Jim Schiltz is the president of Schiltz Foods, Inc., the largest goose producer in the Americas. They provide 85 to 90% of the geese on the American market. Aafter experiencing three years of losses in the mid-2000s, they now process 6,000 to 7,000 birds a day. 

But winter is still, by far, their busiest season. "Christmas will always be the main focus," Schiltz said, followed by the Chinese New Year and then some Orthodox Easter celebrations. 

The farm's full raw goose is still by far the company's most popular item, but according to Teri Metz, Schiltz's marketing specialist, other smaller items — like their sliced smoked breast pieces and smoked goose legs — have seen an uptick in interest this year (likely due to the pandemic, in part). 

"I think it's because people are having smaller gatherings," she said. "So we're noticing that a bit more." 

More people may also be flocking to goose, because it gives them a taste of something different in an unprecedented winter, while also conjuring images of more "traditional" Christmases. Food historian Ken Albala is one of the Americans who has purchased a goose for the  holiday.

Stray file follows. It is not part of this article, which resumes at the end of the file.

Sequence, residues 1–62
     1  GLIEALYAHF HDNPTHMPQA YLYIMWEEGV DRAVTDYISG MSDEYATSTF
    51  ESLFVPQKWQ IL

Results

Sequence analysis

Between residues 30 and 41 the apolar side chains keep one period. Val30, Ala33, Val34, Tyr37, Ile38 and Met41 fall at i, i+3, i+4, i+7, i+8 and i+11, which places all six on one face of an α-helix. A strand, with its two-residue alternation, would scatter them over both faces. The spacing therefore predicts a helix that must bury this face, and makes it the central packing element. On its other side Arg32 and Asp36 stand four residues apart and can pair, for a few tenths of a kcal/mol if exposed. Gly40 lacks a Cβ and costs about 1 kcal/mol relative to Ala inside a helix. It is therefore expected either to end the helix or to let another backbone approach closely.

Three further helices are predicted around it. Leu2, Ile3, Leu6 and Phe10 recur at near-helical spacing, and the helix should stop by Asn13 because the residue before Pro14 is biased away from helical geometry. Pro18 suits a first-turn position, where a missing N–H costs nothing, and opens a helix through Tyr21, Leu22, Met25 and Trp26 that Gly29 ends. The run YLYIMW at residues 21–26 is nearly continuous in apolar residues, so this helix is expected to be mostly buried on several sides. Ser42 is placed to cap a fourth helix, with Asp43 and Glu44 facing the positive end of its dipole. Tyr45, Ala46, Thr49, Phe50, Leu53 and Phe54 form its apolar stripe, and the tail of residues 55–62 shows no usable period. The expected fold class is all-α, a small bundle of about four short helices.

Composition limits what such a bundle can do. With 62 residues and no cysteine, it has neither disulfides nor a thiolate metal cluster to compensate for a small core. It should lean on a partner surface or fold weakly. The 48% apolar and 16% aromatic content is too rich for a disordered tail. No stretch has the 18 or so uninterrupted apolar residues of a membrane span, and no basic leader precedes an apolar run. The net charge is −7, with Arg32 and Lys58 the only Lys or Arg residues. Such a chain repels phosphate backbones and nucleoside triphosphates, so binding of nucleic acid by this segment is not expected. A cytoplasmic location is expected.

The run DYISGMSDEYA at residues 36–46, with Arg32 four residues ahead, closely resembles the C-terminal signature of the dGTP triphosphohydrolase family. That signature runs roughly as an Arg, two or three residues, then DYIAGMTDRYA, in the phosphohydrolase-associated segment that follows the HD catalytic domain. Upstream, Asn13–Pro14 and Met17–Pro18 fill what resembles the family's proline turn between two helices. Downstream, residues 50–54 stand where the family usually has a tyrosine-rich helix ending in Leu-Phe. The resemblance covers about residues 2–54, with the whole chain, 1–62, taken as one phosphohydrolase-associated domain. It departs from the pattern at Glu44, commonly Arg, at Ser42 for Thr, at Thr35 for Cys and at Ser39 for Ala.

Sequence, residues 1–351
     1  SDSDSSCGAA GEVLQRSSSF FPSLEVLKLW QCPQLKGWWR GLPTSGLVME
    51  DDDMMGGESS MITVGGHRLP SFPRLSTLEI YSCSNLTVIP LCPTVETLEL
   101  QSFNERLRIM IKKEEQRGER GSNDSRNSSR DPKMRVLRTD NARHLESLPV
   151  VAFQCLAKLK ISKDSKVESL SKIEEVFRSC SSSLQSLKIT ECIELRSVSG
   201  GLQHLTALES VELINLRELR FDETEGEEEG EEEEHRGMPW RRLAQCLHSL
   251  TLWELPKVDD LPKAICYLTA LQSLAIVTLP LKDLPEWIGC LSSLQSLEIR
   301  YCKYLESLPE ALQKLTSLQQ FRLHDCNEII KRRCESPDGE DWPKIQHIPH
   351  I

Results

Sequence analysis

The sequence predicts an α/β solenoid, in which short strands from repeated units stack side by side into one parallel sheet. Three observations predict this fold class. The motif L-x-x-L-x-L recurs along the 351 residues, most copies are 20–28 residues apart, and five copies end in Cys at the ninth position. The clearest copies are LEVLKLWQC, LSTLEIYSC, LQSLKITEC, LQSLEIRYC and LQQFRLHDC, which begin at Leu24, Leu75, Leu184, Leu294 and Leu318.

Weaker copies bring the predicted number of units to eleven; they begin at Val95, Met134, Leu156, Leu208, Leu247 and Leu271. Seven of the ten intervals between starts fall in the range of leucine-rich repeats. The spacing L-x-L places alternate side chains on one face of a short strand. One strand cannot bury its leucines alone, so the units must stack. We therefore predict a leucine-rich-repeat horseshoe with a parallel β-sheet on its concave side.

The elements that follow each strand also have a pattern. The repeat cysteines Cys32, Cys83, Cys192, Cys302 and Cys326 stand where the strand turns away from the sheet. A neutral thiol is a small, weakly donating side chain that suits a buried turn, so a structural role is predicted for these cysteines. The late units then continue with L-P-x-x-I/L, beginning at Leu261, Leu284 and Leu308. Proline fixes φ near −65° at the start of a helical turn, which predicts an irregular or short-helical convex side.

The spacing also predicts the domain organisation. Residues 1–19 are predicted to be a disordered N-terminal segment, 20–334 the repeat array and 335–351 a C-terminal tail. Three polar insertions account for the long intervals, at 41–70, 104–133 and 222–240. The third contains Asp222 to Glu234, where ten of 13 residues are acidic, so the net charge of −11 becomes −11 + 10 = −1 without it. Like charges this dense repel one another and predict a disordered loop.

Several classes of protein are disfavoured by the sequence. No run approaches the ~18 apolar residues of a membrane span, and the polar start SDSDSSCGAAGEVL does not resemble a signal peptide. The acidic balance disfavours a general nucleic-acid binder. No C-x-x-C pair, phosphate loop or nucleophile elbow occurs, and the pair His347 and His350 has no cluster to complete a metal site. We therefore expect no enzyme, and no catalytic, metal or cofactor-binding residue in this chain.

He purchased a frozen one from a speciality grocery store in Stockton, Calif., for $60 — about $5.99 a pound (the average frozen Butterball Thanksgiving turkey cost $1.09 this year). He has made this a Christmas tradition for the past several years. 

"And often what I do is cure it," he said. "So I'll add salt and sodium nitrate and make a kind of prosciutto out of it, which is aged, or I'll just cure it and smoke it, which is absolutely delicious."

By Ashlie D. Stevens

Ashlie D. Stevens is Salon's food editor. She is also an award-winning radio producer, editor and features writer — with a special emphasis on food, culture and subculture. Her writing has appeared in and on The Atlantic, National Geographic’s “The Plate,” Eater, VICE, Slate, Salon, The Bitter Southerner and Chicago Magazine, while her audio work has appeared on NPR’s All Things Considered and Here & Now, as well as APM’s Marketplace. She is based in Chicago.